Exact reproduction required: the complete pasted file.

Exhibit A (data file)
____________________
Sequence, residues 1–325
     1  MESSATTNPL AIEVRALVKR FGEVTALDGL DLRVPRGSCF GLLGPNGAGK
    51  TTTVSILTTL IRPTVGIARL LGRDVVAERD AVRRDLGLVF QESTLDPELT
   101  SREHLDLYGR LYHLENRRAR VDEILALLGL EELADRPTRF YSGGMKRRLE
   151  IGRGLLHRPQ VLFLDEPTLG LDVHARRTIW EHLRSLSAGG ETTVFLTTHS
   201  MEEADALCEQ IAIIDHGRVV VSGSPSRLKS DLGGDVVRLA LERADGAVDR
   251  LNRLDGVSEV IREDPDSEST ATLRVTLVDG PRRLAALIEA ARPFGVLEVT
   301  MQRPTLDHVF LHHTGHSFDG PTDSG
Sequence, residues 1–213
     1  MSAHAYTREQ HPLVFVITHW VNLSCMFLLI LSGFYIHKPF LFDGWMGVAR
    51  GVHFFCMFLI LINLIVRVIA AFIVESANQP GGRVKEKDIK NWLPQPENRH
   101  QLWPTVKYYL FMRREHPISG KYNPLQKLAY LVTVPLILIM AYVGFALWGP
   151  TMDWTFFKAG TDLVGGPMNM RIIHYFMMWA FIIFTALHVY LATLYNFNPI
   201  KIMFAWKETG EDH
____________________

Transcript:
Sequence, residues 1–325
     1  MESSATTNPL AIEVRALVKR FGEVTALDGL DLRVPRGSCF GLLGPNGAGK
    51  TTTVSILTTL IRPTVGIARL LGRDVVAERD AVRRDLGLVF QESTLDPELT
   101  SREHLDLYGR LYHLENRRAR VDEILALLGL EELADRPTRF YSGGMKRRLE
   151  IGRGLLHRPQ VLFLDEPTLG LDVHARRTIW EHLRSLSAGG ETTVFLTTHS
   201  MEEADALCEQ IAIIDHGRVV VSGSPSRLKS DLGGDVVRLA LERADGAVDR
   251  LNRLDGVSEV IREDPDSEST ATLRVTLVDG PRRLAALIEA ARPFGVLEVT
   301  MQRPTLDHVF LHHTGHSFDG PTDSG
Sequence, residues 1–213
     1  MSAHAYTREQ HPLVFVITHW VNLSCMFLLI LSGFYIHKPF LFDGWMGVAR
    51  GVHFFCMFLI LINLIVRVIA AFIVESANQP GGRVKEKDIK NWLPQPENRH
   101  QLWPTVKYYL FMRREHPISG KYNPLQKLAY LVTVPLILIM AYVGFALWGP
   151  TMDWTFFKAG TDLVGGPMNM RIIHYFMMWA FIIFTALHVY LATLYNFNPI
   201  KIMFAWKETG EDH